In her introduction to Masculinity Studies and Feminist Theory, Judith Kegan Gardiner argues that, as a contemporary social phenomenon, "masculinity is a nostalgic formation, always missing, lost, or about to be lost, its ideal form located in a past that advances with each generation in order to recede just beyond its grasp. Its myth is that effacing new forms can restore a natural, original male grouding" (11). This course will investigate 20th century Afro-American artistic representations of efforts to "restore" black masculinity in a national setting where social scripts (and, according to many, social realities) have historically militated against the assertion of -- to use a vexed and highly contested phrase -- black manhood. If transformed social conditions -- including feminism's victorious emergence as a significant structuring force -- have placed both hegemonic and nonhegemonic masculinities in the same rocky boat, as it were, in search of the solid ground of stable meanings and gendered performances, how do we read "black manhood" at a point when mainstream feminisms have begun to take seriously the problems of "retaining masculinity as a coherent entity" (1)? In addition to exploring a broad sampling of contemporary critical formulations, we will investigate literary narratives (including Autobiography of an Ex-Colored Man and Sula), plays (including Dutchman and Fences), films, discourses surrounding professional sports, and some strategically chosen examples of black popular music.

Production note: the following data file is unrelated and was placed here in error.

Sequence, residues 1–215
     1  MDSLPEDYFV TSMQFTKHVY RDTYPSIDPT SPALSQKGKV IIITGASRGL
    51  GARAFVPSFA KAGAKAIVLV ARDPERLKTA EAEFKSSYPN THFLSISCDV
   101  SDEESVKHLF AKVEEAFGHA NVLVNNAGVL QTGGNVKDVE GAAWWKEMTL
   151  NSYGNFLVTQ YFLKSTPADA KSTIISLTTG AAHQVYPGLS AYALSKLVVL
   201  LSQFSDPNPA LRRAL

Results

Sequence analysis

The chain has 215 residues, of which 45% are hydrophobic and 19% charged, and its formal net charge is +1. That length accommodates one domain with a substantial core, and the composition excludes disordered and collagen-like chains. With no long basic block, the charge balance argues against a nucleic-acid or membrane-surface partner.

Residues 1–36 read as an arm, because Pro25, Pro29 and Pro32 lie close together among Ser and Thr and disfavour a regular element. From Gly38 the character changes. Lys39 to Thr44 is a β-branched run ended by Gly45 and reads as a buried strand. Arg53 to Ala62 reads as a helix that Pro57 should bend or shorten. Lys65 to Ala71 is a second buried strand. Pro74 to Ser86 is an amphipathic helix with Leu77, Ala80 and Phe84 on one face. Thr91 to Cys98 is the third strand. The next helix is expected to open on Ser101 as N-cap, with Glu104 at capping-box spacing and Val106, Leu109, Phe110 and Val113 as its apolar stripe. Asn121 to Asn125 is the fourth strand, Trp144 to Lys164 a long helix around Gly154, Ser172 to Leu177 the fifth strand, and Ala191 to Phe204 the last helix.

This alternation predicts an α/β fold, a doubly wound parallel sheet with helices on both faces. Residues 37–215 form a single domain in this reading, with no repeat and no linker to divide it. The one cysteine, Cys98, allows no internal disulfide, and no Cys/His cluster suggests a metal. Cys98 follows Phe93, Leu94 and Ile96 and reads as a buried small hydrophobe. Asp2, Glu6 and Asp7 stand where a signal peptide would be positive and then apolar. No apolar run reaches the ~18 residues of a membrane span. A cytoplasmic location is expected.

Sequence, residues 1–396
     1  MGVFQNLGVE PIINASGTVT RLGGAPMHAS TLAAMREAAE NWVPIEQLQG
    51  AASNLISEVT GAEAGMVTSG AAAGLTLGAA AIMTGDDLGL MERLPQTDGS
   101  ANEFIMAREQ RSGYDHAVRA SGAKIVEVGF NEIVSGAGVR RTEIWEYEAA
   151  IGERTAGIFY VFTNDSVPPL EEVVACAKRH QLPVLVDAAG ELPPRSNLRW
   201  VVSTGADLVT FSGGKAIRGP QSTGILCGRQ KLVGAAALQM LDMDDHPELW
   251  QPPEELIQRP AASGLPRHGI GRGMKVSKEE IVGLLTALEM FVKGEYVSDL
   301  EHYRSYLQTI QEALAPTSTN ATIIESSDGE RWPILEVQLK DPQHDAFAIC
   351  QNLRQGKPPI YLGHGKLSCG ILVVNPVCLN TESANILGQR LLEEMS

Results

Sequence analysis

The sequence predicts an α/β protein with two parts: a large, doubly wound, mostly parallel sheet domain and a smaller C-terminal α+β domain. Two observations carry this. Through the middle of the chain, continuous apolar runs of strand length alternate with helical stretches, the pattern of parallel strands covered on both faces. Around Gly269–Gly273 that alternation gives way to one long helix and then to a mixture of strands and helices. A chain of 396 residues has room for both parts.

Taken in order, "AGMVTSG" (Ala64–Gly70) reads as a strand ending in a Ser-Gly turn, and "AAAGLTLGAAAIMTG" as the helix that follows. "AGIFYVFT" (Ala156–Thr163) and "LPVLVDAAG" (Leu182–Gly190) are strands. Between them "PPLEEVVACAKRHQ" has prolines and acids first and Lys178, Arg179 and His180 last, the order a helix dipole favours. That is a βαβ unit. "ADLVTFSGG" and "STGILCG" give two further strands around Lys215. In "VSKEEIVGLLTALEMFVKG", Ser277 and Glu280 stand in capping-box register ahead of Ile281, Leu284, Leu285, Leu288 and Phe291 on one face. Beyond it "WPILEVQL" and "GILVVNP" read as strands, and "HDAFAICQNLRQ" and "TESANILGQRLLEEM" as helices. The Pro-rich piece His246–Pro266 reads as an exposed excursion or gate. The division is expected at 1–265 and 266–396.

Course requirements: one oral report, an annotated bibliography, and a 15 page essay.
Fulfills 4 & 6 requirements.